The 7pm deadline came round very quickly, but my team had most of the work complete well in advance, with some extra time at the end to create an animated credits scene. At 9pm we gathered at the Centre for Contemporary Arts to view all of the films, which were being shown at the awards ceremony of the Glasgow Short Film Festival. The screening had its share of laughs – sometime at the antics of the on-screen characters and sometimes at the poor quality animations. There was also some tears – sometimes from laughter, but also from those that had failed to complete their animations in time.
So now we look forward to the results of the judging on Monday 23rd of March.
The technical stuff:
The animation was created using mostly Adobe Photoshop, Flash and Premiere Pro. Most of the graphics were produced in Photoshop, with a few being created in Flash and Illustrator. The animation was assembled in Flash and exported as swf files. These files were then converted into mp4 format using Swivel. Sounds and music were created in Garage Band. Finally, the film was assembled and edited in Adobe Premiere Pro, where the sound and visuals were combined.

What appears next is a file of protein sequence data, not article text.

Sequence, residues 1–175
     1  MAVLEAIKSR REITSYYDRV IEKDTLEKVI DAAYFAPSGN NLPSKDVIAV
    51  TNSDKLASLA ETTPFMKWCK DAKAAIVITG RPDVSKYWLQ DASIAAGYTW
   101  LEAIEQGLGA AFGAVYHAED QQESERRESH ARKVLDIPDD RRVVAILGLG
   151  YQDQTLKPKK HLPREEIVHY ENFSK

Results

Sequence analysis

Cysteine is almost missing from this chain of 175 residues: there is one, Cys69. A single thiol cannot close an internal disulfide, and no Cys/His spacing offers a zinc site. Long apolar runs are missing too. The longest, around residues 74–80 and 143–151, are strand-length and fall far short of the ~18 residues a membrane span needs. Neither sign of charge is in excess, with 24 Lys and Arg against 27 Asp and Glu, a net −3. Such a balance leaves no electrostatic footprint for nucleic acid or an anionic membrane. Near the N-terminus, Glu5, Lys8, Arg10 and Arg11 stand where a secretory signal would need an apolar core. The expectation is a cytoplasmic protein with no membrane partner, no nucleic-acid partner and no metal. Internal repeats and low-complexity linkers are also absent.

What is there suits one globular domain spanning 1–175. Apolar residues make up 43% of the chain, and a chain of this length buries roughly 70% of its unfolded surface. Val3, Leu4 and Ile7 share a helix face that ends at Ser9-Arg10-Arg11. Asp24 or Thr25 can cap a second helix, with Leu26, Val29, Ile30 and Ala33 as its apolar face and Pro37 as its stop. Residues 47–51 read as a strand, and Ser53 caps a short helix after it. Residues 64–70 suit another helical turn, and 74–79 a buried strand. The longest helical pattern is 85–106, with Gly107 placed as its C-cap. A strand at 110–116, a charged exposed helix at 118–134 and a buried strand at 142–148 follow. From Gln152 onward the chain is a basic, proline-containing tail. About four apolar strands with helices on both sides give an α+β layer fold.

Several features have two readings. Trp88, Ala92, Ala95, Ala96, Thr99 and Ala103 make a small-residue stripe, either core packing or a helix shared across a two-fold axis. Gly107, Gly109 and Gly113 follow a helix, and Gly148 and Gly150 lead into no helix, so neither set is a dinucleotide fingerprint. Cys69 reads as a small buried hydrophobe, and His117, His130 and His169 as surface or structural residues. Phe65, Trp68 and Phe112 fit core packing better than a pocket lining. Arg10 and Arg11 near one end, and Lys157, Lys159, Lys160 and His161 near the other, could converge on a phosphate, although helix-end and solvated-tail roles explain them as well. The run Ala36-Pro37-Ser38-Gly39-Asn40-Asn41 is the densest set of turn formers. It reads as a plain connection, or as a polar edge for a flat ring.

Here are the resources for my session at the Computing at School (Scotland) Conference 2014 & also the Education Scotland events in November /December 2014.
There are additional resources in the zip file that I didn’t have time to cover during the session, however these contain notes on how to use them.
Here’s a good ‘story’ that explains computational thinking in a non-computing way – Searching to Speak (pdf)
Some delegates at the conference also had a go of the Oculus Rift Virtual Reality headset that I brought along – see their reactions in the video below! I’m looking for ideas on how the headset can be used in education. I f you have any ideas, then please leave a comment or get in touch.
Notes and resources from my presentation at the Education Scotland National Qualifications support event for Higher Computing Science on Thursday 29th May 2014.
Learn to code websites
- Crash course in EnchantJS
- Tutorials coming soon for this at http://teachgames.wordpress.com
Presentation [Google Drive]
Tasks to go with the example files [Google Drive]
Zip file containing all of the examples from the presentation.